Salem campus to get new building

Kate Bigam

Board of Trustees approves purchase of

Kent State’s future Salem graduates may experience commencement in an entirely new location than in the past.

The Board of Trustees unanimously agreed to purchase the Salem Middle School building for $50,000, to be used by Kent State’s Salem campus, at yesterday’s first board meeting of the semester.

Jeffrey Nolte, dean of the Salem campus, spoke to the Finance and Administration Committee about his desire to expand the campus into the greater Salem community.

Calling the facility “a beautiful structure with one of those wonderful theaters,” Nolte said the facility’s 660-seat auditorium will allow the Salem campus to move commencement activities from the gymnasium, where it was previously held.

The building will also allow the Salem campus to offer art and music classes, which it did not previously have space for.

Prior to the board’s vote, David Creamer, senior vice president of administration, presented the committee with a general history of the building.

“Before we move forward with this, we want to make sure we’re not taking on a project with a lot of surprises,” he said.

The building was erected in the early 1900s, and the city of Salem has spent more than $1 million on building repairs during the past decade and a half, Creamer said. The facility should exist without major maintenance needs for the next 10 to 15 years. It became available for purchase in June 2006 after Salem’s junior high and high school combined into one building.

According to a press release, the 73,000-square-foot building currently houses the Hannah E. Mullins School of Practical Nursing and the Salem YWCA on short-term leases while the sale of the building is pending.

The board also voted to approve a $555,000 addition to the budget for the university’s new Enterprise Resource Planning system, launched earlier this year.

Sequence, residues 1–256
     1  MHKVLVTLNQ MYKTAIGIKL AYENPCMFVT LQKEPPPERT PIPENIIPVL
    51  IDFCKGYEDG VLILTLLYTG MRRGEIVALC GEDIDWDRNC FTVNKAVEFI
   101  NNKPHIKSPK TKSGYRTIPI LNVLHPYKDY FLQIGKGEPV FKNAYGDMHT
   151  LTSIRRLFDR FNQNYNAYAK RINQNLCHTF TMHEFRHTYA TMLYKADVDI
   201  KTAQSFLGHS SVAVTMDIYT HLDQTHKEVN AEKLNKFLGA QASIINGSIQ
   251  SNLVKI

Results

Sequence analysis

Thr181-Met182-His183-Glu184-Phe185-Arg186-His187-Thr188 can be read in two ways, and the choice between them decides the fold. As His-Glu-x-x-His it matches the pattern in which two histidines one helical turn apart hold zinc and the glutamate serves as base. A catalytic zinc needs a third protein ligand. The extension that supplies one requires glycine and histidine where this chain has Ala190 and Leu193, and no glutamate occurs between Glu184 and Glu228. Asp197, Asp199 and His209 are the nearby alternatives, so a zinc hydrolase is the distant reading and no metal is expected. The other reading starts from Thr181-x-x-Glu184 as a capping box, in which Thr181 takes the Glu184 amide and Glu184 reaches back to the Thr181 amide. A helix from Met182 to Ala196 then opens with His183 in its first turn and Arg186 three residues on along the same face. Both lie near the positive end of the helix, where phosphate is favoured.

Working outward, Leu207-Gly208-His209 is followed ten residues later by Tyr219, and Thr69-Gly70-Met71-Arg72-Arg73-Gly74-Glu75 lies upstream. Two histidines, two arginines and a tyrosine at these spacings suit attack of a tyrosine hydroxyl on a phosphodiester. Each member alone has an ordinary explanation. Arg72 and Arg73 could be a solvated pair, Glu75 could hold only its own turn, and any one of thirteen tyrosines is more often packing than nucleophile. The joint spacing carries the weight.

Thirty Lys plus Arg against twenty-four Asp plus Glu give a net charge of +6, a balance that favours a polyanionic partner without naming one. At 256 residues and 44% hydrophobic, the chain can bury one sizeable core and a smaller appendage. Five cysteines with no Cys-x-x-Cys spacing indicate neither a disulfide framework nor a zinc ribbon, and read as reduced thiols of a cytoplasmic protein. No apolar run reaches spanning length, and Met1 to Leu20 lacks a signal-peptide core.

The system will replace Kent State’s current data management system, which will streamline the university-wide system and eventually allow the university to do away with the use of social security numbers.

In May, the board approved a $23 million budget for the ERP system under the guideline that the university would attempt to save money whenever possible during the system’s implementation.

Ed Mahon, vice president for information services and chief information officer, said the university has already saved money in consulting costs.

“This is not a new product,” Mahon said. “It’s still hard for universities to figure out how to use it in its best way, though.”

Although the additional $555,000 may not be needed in the end, Creamer said the ERP budget increase will provide a safety net to ensure the project is wholly and most effectively implemented.

“We’re not at that critical place yet where we’re sure what the cost of implementation will be,” Creamer said.

Additionally, the board voted unanimously in favor of the following:

• Inactivation of the laboratory technology major at the Trumbull campus because of lack of student interest; the major could be reactivated if enough interest is expressed.

• Formal ratification of employment contracts for President Lester Lefton and President Emeritus Carol Cartwright

Contact administration reporter Kate Bigam at [email protected].